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Mastering the Pit Barrel Cooker

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  • Michael Watson
    replied
    After having spoken with Noah I do believe that you may be right. His R&D was extensive and when you combine the performance of all the other parameters, he could possibly have been targeting a cooking temp range as one of his design goals. Or if you look at it from a business perspective, it does not hurt to have your hot new product specifically endorse a brand of charcoal that invests heavily in the competitive BBQ brotherhood.

    Leave a comment:


  • JPP
    replied
    Could it be that the ash production of kingsford may be the reason it's recommended? I.e. to act as a throttle so that a more uniform temperature profile will be the result?

    Leave a comment:


  • Michael Watson
    commented on 's reply
    Jerod - once again thank you for your input. You have profiled both a solution to the issue, use an alternate fuel source and manage the higher temp profile. And you validated my situation encountered with the use of K B&W charcoal. I am in no way attempting to bash the capabilities nor limitations of PBC. My intentions is to bring forth a recognizing of how the PBC functions and what techniques those of you have found to mitigate these issues.

    Thank you for your participation.

  • Michael Watson
    commented on 's reply
    Absolutely another solution to the circumstances.

  • Michael Watson
    commented on 's reply
    I did not plan to have that long of a cook session it just happened. I started with 3 racks of ribs and 1 large hen at about the 3 hour mark they were done and I then put a 1/2 pork loin on after 2 hours I still had plenty of fuel. So I pulled a 1/2 flat brisket out of the freezer and put it in a zip lock bag then placed it in a pot of hot tap water and left the tap running hot water into the pot. After about 1 hour of this the beef still had some frozen center meat and i put it on the PBC for about 3.5 hours.

    From 1:00pm to 11:30pm - I just hate to not use a well lit set of coals. And you are also correct in that most people including me would be through with a cook session in less than 10.5 hours. After having benefited so much from all of the postings about the PBC and different techniques used, I just thought that I owed the PBC community a few of my observations.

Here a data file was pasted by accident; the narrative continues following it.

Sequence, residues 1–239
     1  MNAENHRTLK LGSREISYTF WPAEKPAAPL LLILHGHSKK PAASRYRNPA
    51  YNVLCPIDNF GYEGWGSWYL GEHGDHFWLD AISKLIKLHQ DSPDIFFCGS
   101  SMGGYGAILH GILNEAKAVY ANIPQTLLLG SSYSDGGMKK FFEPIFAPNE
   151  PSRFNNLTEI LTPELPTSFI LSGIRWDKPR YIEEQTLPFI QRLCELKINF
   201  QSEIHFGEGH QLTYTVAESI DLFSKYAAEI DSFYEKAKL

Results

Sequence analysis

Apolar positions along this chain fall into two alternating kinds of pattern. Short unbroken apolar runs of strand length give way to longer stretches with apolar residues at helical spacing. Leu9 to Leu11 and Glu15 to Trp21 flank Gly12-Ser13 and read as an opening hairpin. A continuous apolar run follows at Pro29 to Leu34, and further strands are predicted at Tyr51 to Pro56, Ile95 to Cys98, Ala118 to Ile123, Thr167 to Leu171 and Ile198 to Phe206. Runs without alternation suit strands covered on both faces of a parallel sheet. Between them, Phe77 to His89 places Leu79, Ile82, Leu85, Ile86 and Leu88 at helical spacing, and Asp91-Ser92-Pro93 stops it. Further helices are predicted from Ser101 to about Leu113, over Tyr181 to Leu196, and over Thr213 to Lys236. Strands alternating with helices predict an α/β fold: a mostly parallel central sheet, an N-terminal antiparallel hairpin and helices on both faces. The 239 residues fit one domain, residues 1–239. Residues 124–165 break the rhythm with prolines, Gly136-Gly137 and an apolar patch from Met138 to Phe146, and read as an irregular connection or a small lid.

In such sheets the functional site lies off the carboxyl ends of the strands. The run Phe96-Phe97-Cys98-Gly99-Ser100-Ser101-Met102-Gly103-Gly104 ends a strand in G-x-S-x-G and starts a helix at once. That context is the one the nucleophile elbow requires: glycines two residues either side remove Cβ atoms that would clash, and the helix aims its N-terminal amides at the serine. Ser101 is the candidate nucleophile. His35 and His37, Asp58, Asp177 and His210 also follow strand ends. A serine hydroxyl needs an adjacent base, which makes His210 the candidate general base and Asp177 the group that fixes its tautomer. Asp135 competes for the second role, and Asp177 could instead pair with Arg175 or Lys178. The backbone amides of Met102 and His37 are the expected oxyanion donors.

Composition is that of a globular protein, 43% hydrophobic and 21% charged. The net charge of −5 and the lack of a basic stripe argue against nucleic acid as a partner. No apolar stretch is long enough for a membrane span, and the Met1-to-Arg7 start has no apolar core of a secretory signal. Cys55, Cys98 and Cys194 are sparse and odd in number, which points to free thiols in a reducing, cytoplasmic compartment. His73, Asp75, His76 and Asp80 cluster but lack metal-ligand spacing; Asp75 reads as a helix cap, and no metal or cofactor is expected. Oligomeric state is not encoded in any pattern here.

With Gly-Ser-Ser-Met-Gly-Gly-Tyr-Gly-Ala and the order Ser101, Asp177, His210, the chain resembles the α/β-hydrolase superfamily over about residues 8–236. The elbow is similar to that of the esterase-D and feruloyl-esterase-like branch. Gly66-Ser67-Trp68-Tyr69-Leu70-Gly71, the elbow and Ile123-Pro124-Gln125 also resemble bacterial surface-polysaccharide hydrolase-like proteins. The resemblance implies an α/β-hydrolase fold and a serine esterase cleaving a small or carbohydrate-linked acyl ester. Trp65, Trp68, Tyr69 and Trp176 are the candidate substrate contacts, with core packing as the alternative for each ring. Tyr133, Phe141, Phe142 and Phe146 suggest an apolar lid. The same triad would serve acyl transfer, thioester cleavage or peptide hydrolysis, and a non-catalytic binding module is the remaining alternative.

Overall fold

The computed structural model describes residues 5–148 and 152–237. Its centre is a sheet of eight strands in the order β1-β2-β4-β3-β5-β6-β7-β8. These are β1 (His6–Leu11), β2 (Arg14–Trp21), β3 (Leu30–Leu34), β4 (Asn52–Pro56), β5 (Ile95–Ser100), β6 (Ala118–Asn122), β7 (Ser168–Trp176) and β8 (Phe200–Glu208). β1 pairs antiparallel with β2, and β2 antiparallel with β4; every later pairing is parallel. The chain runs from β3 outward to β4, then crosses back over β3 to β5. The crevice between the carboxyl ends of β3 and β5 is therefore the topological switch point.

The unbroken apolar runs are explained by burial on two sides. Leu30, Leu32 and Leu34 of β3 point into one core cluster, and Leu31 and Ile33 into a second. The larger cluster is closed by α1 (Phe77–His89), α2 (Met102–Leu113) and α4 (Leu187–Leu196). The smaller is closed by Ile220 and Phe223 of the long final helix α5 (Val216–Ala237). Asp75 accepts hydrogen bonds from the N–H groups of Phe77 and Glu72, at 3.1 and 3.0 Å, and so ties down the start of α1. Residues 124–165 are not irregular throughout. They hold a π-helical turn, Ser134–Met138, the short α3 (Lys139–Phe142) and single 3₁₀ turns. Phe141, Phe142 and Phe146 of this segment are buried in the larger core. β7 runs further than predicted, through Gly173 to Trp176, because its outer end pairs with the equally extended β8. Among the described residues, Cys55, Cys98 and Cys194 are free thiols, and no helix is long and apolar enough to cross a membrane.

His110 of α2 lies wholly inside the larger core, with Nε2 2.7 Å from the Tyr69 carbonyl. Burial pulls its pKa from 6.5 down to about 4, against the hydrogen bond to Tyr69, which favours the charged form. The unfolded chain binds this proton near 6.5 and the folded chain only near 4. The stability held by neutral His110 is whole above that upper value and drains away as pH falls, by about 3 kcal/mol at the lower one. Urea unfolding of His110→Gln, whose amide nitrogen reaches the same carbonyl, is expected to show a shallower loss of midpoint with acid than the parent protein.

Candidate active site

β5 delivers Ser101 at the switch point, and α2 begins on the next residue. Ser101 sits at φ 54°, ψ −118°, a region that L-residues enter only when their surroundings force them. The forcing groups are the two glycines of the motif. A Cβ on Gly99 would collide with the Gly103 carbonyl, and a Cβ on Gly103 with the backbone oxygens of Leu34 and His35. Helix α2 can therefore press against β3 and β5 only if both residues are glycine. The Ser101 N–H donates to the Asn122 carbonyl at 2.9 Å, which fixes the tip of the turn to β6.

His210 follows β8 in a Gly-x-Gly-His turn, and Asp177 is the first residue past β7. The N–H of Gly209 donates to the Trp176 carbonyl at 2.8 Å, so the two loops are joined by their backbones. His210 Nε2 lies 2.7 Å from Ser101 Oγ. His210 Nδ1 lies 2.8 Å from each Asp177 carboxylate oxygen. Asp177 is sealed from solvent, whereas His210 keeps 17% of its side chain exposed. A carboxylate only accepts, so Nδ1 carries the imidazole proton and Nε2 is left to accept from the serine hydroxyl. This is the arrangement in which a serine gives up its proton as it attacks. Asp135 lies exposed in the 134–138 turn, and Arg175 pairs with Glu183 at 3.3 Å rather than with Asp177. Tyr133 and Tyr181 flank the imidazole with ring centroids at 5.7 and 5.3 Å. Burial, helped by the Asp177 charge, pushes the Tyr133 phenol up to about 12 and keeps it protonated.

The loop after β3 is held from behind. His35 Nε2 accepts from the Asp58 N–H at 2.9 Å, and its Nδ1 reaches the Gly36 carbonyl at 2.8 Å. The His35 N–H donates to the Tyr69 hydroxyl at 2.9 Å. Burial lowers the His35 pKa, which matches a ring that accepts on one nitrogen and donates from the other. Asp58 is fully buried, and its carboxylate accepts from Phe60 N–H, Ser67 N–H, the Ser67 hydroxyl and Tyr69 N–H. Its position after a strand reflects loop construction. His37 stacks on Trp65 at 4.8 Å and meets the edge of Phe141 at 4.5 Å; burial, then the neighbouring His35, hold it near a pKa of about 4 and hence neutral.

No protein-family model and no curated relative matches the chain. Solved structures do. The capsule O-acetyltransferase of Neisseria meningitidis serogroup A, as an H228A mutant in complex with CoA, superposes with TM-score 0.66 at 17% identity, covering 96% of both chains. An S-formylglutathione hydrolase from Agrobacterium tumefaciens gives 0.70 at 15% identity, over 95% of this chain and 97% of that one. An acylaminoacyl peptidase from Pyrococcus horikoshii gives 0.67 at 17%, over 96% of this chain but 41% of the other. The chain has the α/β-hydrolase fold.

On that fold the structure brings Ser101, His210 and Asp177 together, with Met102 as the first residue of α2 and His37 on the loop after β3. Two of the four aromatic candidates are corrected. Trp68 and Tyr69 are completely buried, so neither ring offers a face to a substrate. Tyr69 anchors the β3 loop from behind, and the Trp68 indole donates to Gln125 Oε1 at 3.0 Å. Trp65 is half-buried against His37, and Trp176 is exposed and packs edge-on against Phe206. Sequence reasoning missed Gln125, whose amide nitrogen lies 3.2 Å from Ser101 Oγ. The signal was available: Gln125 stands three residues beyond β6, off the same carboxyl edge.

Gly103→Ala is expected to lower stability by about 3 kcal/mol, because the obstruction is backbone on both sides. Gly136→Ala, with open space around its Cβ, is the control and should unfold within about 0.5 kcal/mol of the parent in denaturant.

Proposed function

• Michael Watson
    commented on 's reply
    Yes you are absolutely correct in your approach to solve this circumstance. I used a 1/4in round by 36in long rod to do exactly as you suggest. I moved it back and forth to push the build up aside.

  • Michael Watson
    commented on 's reply
    Max - It was my maiden cook on the PBC and I just hate to waste coals. What I was writing about was my initial observations relative to all that I have read on the Disqus postings. In no way do I consider my first experience with the PBC to be a problem. I just wished to flesh out what may be happening with others when they get to the end of a cook session and there is more coals left over. In fact there may be a number of factors contributing to that issue is all that I was trying to say. If everyone is aware of these factors then they can make adjustments accordingly. Any and all adjustments to fuel air ratio will have an impact on the resulting temperature profile.

    Noah actually confirmed to me that the use of a solid metal ring on the fire basket was no accident and that the gap between the bottom edge of the side ring does in fact place a limit on the amount of air available to the coals. The rest of my tirade was conjecture on my part. But almost all of the fire basket designs that I have seen use expanded metal for the entire enclosure. To use solid metal requires access to the proper diameter pipe (the easiest approach) or the ability to bend the metal band to the proper diameter and then weld it together which is what PBC does (a more time consuming method). This is most often a tool and skill set obstacle for the common backyard pit builder.